Getting the Most From Your Doctor’s Visit by Dr. Sonia Huntley, M.D.

Let’s face it: going to the doctor is not always a pleasant experience, and in fact can be frightening, time consuming and even intimidating.  Here are six ways to make your doctor visits more comfortable and productive.

  1. The first thing to remember is that your health is your most important asset.  While spending time in a doctor’s office may not be your favorite thing to do, it is a necessity and will help you maintain staying healthy and therefore increase your quality of life.

 

  1. When you feel fearful about the exchange between you and your doctor, try to adopt a practical attitude.  Detach from your feelings: it’s a fact finding visit – it doesn’t have to be an emotional one.  When you can look at it with the right attitude, you will feel less intimidated and more focused on what the appointment is about.

 

  1. It’s a good idea to take someone with you.  Not only will there be another pair of ears to remember what was said, but you will have your own support system in place during the appointment.  They may also be able to ask the questions that elude you.

 

  1.     Before you arrive, make a list of problems you want to discuss. 

For example: low back pain, left side, 3 weeks – taking Tylenol or dry itchy patch on

 right cheek for3 months

Make your list precise and short – not too many problems per visit.  Give your list to the medical assistant before you see the doctor.  You will feel more in control of the situation this way and the staff will also be able to help you more efficiently.  Repeating what you have learned before the visit ends will help you remember what took place and allows the doctor to see if further explanation is needed.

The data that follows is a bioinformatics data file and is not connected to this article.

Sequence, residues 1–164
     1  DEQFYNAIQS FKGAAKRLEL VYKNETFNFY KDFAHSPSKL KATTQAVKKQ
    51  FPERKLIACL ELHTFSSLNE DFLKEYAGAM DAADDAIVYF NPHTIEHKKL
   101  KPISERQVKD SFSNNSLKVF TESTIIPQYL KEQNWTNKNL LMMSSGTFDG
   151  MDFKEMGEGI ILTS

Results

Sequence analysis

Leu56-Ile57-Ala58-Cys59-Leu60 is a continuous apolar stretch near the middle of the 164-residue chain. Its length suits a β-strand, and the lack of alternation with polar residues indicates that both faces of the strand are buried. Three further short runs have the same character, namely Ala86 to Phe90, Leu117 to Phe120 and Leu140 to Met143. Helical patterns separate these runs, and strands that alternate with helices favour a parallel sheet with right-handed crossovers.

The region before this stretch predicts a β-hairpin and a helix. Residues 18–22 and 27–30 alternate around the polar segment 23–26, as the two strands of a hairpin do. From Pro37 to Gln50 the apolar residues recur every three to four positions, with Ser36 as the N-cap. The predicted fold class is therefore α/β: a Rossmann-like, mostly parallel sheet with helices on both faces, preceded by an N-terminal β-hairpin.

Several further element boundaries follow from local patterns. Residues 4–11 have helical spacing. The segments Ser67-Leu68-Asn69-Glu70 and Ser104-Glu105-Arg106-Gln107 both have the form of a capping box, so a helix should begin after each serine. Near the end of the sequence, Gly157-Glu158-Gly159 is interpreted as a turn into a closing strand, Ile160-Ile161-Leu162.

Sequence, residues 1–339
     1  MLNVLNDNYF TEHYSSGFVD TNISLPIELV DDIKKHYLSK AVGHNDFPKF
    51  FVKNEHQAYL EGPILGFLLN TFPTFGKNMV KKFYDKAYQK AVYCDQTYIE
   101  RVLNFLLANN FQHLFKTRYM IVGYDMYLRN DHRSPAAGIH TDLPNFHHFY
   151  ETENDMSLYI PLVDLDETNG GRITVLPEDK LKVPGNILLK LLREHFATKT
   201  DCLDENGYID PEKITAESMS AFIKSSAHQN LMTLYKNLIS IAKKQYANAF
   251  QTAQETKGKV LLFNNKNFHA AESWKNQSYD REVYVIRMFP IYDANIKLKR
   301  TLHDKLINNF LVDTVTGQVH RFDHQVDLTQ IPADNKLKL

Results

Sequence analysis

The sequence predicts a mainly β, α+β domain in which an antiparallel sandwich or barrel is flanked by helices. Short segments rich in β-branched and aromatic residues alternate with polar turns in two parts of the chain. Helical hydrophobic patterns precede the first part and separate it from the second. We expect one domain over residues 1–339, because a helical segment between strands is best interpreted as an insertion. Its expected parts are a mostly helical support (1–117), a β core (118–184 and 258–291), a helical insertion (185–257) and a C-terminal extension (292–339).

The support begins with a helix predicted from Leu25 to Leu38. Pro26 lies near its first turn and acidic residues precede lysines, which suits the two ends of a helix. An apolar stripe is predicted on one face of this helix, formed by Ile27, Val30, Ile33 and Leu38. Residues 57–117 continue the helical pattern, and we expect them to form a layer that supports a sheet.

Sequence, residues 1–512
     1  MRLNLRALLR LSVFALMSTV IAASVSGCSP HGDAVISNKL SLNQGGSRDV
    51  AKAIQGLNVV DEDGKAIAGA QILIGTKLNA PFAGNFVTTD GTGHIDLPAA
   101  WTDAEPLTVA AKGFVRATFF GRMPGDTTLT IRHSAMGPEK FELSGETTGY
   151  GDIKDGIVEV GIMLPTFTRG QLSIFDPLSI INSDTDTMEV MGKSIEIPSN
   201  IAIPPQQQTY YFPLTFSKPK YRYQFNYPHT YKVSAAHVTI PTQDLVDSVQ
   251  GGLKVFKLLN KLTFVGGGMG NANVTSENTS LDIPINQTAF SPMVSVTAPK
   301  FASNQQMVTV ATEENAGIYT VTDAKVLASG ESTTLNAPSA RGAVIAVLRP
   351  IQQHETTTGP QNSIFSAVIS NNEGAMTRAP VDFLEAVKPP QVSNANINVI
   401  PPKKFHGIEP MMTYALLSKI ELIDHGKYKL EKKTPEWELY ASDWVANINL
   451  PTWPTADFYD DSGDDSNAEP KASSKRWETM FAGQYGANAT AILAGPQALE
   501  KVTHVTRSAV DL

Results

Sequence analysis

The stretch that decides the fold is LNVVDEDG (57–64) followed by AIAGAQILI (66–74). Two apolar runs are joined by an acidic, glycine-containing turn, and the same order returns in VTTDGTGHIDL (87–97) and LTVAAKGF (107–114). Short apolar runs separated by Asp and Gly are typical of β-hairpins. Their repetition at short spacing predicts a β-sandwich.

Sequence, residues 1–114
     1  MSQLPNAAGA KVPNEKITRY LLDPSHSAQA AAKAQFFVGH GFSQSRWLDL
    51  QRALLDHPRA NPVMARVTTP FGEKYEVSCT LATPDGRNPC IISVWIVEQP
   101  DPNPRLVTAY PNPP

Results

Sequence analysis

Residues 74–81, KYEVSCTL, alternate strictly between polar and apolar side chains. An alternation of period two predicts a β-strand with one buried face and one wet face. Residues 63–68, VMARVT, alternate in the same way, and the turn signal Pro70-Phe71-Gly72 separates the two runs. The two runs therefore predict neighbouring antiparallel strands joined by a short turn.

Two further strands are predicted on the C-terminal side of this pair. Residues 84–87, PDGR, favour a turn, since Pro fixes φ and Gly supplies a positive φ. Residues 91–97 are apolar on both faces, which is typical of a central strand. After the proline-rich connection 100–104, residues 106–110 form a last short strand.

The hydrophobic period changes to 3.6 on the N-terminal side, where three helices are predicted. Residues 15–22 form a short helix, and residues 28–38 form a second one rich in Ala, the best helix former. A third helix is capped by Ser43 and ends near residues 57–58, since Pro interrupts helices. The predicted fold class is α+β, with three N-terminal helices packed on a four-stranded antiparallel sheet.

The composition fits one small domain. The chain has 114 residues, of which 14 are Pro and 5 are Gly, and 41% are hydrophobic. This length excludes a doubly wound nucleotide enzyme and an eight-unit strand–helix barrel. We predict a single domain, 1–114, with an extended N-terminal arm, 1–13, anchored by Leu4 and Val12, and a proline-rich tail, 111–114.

1. Be sure to ask questions and take notes.  Just like the prepared list of problems, you’ll

want your query to be simple and to the point.  Then if you write down what is being said, you can ask for clarification of a term or specific instructions before you leave.  You can also ask for handouts with more information for your specific problem.

  1. It’s a good idea to organize your own medical history.  In an emergency or upon seeing new care providers, you will be able to help track important issues.   Start by listing every medical concern you can recall for the past five years, including past surgeries and medications. For example, you can obtain clinic notes, imaging and tests, lab reports and hospital summaries.

 

Finally, remember that your health is the number one subject during your visit.  Following these six guidelines will optimize your time with the doctor, and you can continue to focus on what’s most important: you.